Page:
What does this developmental switch––from writing or printing first to typing or keyboarding first––imply for future generations of writers––and of thinkers? At a superficial level one could say that they will not be able to decipher great documents, such as the U.S. Constitution or scribbled notes from a friend or a grandparent. In a sense, they may find themselves slipping into a state of quasi-literacy, as happened famously during the murder trial of Trayvon Martin, when one of the witnesses was handed a note while giving testimony but could not decipher it because it was written in cursive.
Much more troubling, however, than the risk of reduced literacy among the rising generations of children may be the effect that a lack of cursive practice will have on the fluency of their thinking. To be sure, it is hard to establish a causal link between fluent or steady orthography and fluent or coherent thinking, but I have heard English teachers swear they can tell from the coherence of their students’ essays whether they were composed by hand or at a keyboard.
No less an authority on the merits of keyboarding than Clive Thompson, author of the book Smarter Than You Think: How Technology Is Changing Our Minds for the Better, confessed in an interview that when it came to organizing his thoughts, he felt the need to set aside his electronic writing tools in favor of pen and paper. “To organize the structure of an argument, I really need paper,” he admitted. “I can use all those wonderful swoopy arrows to connect stuff.”
In Waldorf schools, pupils famously develop their printing initially out of pictures and images––deriving the letter “s” from the shape of a snake, perhaps, or the letter “m” from the contours of a distant mountain. At the same time, they are engaged in the discipline of repetitive form drawing. By fourth grade they are introduced to the more advanced skill of cursive handwriting, which in some Waldorf schools is cultivated right into high school with courses in calligraphy and illuminated capitals.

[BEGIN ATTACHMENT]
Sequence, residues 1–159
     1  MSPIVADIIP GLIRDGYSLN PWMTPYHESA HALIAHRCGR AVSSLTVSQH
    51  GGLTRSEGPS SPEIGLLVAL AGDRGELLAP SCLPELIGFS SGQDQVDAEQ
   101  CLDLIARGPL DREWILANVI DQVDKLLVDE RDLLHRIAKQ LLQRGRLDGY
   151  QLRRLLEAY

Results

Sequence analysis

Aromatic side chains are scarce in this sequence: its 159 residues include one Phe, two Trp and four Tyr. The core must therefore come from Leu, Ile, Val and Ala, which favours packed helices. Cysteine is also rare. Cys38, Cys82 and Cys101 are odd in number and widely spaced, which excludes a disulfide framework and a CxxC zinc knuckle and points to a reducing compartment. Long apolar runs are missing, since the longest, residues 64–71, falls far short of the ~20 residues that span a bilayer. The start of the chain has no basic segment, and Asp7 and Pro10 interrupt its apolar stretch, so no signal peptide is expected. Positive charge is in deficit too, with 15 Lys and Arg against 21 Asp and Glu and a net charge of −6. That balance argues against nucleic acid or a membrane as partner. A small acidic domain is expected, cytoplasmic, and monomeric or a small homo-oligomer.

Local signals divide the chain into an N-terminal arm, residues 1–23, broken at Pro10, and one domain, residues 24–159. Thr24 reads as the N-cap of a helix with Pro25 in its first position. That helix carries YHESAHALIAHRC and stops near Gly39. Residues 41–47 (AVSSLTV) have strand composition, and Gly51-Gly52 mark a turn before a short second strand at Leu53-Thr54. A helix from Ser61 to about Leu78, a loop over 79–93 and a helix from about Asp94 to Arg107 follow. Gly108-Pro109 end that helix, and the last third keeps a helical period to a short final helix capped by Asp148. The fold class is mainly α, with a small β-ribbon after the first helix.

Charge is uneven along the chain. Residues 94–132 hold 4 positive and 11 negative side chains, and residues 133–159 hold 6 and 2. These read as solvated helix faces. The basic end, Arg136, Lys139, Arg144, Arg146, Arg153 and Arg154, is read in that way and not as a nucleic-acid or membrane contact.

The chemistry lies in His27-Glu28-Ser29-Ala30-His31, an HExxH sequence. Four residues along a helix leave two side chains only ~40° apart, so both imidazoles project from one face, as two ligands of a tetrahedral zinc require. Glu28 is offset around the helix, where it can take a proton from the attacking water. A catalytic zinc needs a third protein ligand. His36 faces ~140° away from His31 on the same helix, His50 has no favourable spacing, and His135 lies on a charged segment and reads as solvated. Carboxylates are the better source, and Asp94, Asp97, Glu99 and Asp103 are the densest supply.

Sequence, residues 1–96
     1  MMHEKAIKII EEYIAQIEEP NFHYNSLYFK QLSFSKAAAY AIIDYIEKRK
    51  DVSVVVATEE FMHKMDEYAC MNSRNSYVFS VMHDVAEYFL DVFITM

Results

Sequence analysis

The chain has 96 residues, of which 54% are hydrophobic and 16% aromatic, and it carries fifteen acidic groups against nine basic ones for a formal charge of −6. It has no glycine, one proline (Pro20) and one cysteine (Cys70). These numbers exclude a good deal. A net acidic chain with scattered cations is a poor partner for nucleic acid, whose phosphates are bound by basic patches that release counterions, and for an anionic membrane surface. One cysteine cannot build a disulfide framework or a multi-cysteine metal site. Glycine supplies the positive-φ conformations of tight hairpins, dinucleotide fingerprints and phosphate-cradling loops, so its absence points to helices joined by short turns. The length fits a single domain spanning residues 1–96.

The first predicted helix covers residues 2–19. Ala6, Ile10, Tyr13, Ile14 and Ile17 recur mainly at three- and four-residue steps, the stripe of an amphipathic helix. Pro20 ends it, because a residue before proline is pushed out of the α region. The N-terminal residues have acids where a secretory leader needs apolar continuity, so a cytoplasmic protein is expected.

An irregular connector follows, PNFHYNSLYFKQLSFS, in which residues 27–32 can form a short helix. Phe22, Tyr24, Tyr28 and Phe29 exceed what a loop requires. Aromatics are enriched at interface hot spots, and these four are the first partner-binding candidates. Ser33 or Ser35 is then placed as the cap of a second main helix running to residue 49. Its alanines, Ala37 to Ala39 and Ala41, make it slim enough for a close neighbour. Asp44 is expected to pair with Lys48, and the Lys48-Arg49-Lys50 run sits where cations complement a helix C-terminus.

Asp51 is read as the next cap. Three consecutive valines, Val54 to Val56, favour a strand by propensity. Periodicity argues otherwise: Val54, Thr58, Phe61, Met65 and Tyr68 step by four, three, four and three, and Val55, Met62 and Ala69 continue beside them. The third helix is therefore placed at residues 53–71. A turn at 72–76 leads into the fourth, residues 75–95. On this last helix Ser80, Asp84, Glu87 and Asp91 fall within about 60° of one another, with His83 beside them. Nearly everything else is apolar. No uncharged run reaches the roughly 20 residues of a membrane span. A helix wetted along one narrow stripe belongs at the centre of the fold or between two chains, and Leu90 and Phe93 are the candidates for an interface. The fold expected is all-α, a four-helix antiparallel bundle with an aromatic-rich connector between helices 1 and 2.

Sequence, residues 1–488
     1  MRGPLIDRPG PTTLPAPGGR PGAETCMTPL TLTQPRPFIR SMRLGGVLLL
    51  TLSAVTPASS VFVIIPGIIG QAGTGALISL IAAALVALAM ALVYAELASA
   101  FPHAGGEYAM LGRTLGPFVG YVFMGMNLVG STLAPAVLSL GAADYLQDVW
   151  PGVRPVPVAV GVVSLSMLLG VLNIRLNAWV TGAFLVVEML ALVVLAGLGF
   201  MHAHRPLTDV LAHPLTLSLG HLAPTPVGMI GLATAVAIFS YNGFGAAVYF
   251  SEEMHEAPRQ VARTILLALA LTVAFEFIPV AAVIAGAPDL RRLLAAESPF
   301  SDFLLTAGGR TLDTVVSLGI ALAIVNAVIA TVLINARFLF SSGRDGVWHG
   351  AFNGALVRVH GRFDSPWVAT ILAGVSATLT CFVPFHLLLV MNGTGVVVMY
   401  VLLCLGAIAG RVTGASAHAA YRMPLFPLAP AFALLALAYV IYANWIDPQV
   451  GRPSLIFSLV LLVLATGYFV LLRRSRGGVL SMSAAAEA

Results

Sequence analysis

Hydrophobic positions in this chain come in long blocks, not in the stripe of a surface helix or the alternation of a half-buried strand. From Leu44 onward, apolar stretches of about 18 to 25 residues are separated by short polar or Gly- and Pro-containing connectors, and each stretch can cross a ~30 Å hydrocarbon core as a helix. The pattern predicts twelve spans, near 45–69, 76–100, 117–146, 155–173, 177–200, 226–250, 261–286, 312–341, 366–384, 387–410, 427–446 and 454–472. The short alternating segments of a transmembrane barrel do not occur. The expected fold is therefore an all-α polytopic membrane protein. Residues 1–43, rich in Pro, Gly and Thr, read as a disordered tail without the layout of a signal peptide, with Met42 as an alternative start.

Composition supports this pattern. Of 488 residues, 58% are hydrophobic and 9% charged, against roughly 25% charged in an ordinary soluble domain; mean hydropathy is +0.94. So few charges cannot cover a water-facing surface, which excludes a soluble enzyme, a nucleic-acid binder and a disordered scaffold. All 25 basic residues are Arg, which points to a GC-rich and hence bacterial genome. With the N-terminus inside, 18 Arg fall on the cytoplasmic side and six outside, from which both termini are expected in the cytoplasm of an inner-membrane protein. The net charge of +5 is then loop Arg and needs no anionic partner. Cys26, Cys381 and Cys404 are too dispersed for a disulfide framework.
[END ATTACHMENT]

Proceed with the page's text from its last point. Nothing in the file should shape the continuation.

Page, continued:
This approach to writing is based on the idea that what we do with our hands gives shape to what we can do with our brains. Or to say it even more radically (and now with the endorsement of research into the new science of “neuro-plasticity”): what we do with our hands, especially during our early years, actually gives shape to the brain itself.
Comparative research remains to be undertaken, therefore, on the way a child’s higher mental powers are helped or hindered by the practice or avoidance of cursive handwriting, especially during the elementary grades. But we should not have to wait on large-scale or long-term studies to recognize the value to be gained from flowing cursive movements across a blank page, compared to the percussive staccato movements across a keyboard.
Put most simply: children have a right to write.